His next album, “Haunted Heart” (1994), spawned four more Top 10 country radio hits. “Queen of My Double-Wide Trailer” hit No. 7, the title track “Haunted Heart” hit No. 9, “I Can’t Reach Her Anymore” hit No. 3 and the iconic “She Don’t Know She’s Beautiful” went all the way to No. 1.

“‘She Don’t Know She’s Beautiful,’ every year since ’93, it has been in the Top 100 songs played year after year since ’93. That’s a long time! I wish I woulda wrote it. With a song like that, you know you’ll always be relevant. That song will always be played on country radio, even after you’re gone.”

His gold-selling third album, “Feelin’ Good Train” (1994), landed another pair of hits, as “National Working Woman’s Holiday” and “Third-Rate Romance” both hit No. 2 on the country charts.

“God was good to me. He gave me quite a few songs like that,” Kershaw says. “I’m just lucky man.”

Kershaw’s Frederick Fair colleagues were just as fortunate when it came to country radio.

Tippin landed nine Top 10 hits on country radio from 1990-2001, including “You’ve Got to Stand for Something” (1990), “There Ain’t Nothin’ Wrong With the Radio” (1992), “That’s As Close As I’ll Get to Loving You” (1995), “Kiss This” (2000) and “Where the Stars and Stripes and the Eagle Fly” (2001).

Still, the most successful of the “Roots and Boots” trio was undoubtedly Diffie.

Diffie’s debut album, “A Thousand Winding Roads” (1990), spawned five major hits on country radio, as “Home” and “If the Devil Danced (In Empty Pockets)” both hit No. 1, while “If You Want Me To” and “New Way (To Light Up an Old Flame”)” both hit No. 2. His next album, “Regular Joe” (1992), saw two Top 5 country singles in “Is It Cold in Here” and his personal favorite “Ships That Don’t Come In.”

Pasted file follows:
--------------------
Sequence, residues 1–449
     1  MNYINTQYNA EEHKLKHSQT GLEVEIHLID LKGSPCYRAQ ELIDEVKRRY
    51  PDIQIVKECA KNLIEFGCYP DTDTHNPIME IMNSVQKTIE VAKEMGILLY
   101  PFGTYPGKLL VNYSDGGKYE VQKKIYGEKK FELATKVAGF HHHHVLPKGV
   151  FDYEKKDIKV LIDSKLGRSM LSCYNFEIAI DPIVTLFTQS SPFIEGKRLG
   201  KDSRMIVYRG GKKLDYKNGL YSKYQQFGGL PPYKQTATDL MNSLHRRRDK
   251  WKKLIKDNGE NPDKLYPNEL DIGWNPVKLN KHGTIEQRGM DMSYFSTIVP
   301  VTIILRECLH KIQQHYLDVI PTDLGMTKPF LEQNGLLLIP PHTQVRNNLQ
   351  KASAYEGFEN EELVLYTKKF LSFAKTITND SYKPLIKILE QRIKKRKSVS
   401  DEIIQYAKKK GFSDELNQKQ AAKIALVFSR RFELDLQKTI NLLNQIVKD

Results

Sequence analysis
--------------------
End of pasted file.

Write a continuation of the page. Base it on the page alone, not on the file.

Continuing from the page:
“It’s a very poignant song and it seems to mean different things to different people. I get a lot of great stories from our military folks actually who tell me that they really like that song,” Diffie says. “It was during the Desert Storm thing and my producer brought it to me and I was like, ‘man I don’t know, I don’t want people to think I’m taking advantage’ … but he said it’s not that what it’s about.”

His third album “Honky Tonk Attitude” (1993) went platinum, spawning three more Top 5 hits in “Honky Tonk Attitude,” “John Deere Green” and “Prop Me Up Beside the Jukebox (If I Die).”

“(‘Jukebox’) that’s a cool song right there,” Diffie says. “I was at the Academy of Country Music Awards in Hollywood one year near when that came out. I was out in the hallway and I hear somebody say, ‘Hey, Joe!’ I looked around and I saw Liza Minnelli. She goes, ‘Hey Joe! I just wanna tell you I love ‘Prop Me Up Beside the Jukebox.’ I was like, ‘Wow! How’d you even hear that?'”